$\mathrm{ev}_{p}[1_{M}]_{p}=1$. This means that $\mathrm{ev}_{p}:\mathcal{F}_{p}\to\mathbb{R}$ is a homomorphism of unital rings. It is straightforward that $\mathrm{ev}_{p}$ is surjective. Write $\mathfrak{m}_{p}=\ker\mathrm{ev}_{p}$. By the first isomorphism theorem, there is an isomorphism of unital rings $\mathcal{F}_{p}/\mathfrak{m}_{p}\to\mathbb{R}$. Therefore $\mathfrak{m}_{p}$ is a maximal ideal in $\mathcal{F}_{p}$. Now, if $[f]_{p}\in\mathcal{F}_{p}\setminus\mathfrak{m}_{p}$ then $\mathrm{ev}_{p}[f]_{p}\neq 0$, hence $f(p)\neq 0$. Then there is some $U\in\mathcal{U}_{p}$ such that $f(x)\neq 0$ for $x\in U$, and $(1/f)(x)=\frac{1}{f(x)}$ belongs to $\mathcal{F}(U)$. Then $[1/f]_{p}\in\mathcal{F}_{p}$ and $[f]_{p}\cdot[1/f]_{p}=[f\cdot 1/f]_{p}=[1_{M}]_{p}$, which shows that if $[f]_{p}\in\mathcal{F}_{p}\setminus\mathfrak{m}_{p}$ then $[f]_{p}$ has an inverse $[1/f]_{p}$ in $\mathcal{F}_{p}$. This means $\mathfrak{m}_{p}$ is the set of noninvertible elements of $\mathcal{F}_{p}$, which means that $\mathcal{F}_{p}$ is a local ring.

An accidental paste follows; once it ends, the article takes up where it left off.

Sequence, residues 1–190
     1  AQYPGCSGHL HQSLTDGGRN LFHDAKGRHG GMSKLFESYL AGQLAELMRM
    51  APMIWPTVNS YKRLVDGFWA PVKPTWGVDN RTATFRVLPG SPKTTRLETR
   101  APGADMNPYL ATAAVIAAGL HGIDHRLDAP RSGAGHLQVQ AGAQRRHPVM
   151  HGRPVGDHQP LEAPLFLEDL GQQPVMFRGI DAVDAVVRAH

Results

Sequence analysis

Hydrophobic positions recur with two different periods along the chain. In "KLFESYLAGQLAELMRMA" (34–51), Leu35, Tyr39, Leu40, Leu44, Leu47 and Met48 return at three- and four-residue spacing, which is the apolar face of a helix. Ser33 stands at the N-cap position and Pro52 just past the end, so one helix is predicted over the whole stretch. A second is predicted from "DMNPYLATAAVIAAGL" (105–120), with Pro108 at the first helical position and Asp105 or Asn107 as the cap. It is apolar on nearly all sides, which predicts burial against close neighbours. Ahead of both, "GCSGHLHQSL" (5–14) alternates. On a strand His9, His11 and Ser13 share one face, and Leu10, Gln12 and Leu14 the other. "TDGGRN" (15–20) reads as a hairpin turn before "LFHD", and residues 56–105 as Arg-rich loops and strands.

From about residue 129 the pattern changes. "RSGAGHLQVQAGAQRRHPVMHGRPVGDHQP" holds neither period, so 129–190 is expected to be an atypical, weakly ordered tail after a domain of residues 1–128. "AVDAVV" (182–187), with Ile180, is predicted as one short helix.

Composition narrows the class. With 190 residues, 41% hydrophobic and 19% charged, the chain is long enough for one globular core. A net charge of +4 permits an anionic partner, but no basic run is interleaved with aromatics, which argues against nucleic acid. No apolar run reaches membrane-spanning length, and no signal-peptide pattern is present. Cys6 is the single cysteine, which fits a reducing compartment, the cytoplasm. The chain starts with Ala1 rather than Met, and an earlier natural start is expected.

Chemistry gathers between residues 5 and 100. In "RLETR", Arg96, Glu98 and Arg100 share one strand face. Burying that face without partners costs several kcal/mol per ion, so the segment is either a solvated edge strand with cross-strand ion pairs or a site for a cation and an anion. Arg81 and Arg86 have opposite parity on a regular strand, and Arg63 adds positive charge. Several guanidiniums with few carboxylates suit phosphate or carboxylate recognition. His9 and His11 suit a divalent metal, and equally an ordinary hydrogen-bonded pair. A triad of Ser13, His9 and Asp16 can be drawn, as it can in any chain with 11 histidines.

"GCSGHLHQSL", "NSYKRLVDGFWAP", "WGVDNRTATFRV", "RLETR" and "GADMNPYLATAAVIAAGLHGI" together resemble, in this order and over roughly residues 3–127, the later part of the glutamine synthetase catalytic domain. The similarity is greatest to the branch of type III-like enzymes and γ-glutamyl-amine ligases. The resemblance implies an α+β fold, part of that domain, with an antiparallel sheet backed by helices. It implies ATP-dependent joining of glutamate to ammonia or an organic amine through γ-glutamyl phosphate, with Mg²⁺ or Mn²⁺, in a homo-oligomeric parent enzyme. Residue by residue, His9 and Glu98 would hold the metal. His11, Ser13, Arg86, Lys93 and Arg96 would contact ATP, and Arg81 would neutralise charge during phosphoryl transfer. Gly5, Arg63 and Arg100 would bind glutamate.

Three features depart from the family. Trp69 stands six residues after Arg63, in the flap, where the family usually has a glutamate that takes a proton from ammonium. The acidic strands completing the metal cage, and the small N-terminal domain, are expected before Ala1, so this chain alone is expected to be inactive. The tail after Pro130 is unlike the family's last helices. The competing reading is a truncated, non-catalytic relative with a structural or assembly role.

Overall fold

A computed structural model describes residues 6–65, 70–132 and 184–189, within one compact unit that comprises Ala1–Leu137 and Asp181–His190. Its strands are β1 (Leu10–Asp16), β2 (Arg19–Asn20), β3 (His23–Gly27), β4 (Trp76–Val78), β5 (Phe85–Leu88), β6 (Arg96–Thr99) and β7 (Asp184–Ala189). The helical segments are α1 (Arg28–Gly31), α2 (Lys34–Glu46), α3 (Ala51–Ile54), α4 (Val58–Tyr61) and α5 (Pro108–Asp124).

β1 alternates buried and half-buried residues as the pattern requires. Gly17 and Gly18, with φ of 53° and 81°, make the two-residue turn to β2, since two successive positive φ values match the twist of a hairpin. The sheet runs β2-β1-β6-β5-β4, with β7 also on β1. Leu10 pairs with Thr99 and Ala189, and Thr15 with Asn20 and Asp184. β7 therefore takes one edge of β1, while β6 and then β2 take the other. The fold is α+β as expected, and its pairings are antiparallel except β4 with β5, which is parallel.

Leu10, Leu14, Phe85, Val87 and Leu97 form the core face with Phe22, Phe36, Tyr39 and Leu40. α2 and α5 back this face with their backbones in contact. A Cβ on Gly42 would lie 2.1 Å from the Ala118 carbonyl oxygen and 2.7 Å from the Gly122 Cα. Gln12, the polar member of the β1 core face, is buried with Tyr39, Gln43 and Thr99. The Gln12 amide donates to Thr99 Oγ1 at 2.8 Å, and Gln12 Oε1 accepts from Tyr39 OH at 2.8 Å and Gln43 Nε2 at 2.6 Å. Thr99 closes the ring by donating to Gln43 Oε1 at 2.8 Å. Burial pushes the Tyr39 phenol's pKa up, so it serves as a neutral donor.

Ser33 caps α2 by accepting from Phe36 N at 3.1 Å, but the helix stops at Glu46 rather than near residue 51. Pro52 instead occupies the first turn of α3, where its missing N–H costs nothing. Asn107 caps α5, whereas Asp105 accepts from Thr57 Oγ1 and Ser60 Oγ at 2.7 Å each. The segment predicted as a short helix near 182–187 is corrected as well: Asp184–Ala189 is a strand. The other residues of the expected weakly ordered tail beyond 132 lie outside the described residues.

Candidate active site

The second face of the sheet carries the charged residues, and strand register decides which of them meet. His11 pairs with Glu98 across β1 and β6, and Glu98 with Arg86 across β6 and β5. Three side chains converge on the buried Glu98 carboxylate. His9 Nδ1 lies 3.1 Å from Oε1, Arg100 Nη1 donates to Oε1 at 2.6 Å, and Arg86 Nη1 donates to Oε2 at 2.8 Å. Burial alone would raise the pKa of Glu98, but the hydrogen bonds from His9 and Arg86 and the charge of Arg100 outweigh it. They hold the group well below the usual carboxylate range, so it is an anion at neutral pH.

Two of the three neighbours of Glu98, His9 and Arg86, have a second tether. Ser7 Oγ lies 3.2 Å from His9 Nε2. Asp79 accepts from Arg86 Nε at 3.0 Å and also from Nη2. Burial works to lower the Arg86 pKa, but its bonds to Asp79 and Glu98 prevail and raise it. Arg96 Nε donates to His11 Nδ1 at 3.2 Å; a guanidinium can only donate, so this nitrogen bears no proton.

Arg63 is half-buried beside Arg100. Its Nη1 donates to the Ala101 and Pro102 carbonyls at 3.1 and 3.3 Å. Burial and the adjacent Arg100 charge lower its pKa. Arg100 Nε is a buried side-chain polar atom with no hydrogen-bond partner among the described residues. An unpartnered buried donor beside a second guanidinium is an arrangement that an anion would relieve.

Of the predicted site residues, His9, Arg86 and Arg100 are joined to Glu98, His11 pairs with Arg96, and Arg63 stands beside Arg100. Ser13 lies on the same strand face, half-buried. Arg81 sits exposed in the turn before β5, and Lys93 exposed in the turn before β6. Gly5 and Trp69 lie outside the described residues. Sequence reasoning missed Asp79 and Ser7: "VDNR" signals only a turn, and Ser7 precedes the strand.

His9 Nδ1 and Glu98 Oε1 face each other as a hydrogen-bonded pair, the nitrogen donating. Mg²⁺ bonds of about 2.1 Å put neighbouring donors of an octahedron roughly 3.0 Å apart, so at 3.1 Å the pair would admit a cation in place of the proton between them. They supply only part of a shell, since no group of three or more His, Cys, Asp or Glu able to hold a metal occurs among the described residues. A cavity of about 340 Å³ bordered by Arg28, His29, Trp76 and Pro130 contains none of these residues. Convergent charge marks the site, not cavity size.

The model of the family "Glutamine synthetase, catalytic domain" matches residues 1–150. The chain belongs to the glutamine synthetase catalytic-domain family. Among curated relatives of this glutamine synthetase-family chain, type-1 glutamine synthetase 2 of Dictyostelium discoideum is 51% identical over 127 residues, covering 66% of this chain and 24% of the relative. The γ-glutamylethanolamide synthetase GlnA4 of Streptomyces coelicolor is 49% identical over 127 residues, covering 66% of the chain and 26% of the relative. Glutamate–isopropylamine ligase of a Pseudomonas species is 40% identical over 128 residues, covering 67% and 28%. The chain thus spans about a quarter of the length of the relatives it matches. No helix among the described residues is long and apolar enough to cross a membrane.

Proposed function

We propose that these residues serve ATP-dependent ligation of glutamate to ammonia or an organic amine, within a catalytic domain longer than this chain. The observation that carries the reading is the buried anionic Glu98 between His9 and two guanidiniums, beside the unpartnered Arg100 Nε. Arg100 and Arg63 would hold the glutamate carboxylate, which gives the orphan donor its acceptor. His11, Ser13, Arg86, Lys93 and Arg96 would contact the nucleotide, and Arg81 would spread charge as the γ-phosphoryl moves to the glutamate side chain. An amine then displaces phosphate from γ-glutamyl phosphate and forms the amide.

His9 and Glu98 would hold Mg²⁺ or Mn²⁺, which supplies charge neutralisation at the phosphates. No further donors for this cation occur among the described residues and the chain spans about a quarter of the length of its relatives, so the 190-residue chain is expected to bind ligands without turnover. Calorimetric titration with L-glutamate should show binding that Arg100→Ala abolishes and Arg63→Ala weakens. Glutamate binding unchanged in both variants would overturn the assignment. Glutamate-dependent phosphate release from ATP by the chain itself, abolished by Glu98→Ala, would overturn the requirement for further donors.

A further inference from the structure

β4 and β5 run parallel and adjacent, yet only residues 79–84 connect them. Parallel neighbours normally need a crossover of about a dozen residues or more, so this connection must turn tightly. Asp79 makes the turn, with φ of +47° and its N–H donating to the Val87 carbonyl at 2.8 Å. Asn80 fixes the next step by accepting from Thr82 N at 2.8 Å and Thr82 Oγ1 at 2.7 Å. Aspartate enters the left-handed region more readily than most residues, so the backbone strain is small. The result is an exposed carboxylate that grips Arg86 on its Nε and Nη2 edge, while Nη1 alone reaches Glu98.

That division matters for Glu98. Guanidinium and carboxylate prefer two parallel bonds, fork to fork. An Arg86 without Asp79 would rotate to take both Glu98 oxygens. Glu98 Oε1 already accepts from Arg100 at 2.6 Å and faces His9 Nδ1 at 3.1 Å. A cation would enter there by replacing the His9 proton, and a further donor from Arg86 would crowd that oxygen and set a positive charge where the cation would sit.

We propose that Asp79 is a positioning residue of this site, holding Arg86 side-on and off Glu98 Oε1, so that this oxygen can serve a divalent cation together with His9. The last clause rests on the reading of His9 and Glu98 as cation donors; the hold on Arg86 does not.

For $1\leq i\leq m$ define the coordinate function $x^{i}:M\to\mathbb{R}$ by $x^{i}(p)=p_{i}$, which belongs to $\mathcal{F}(M)$. Because $\mathrm{ev}_{0}x^{i}=0$, $[x^{i}]_{0}\in\mathfrak{m}_{0}$. We prove Hadamard’s lemma, that the ring $\mathfrak{m}_{0}$ is generated by the germs of the coordinate functions at $0$.11 1 Liviu Nicolaescu, An Invitation to Morse Theory, second ed., p. 14, Lemma 1.13.

The ideal $\mathfrak{m}_{0}$ is generated by the set $\{[x^{i}]_{0}:1\leq i\leq m\}$.

###### Proof.

Let $[f]_{0}\in\mathfrak{m}_{0}$ with $f\in\mathcal{F}(B_{r})$ for some $r>0$. For $y\in B_{r}$, using the fundamental theorem of calculus and using the chain rule,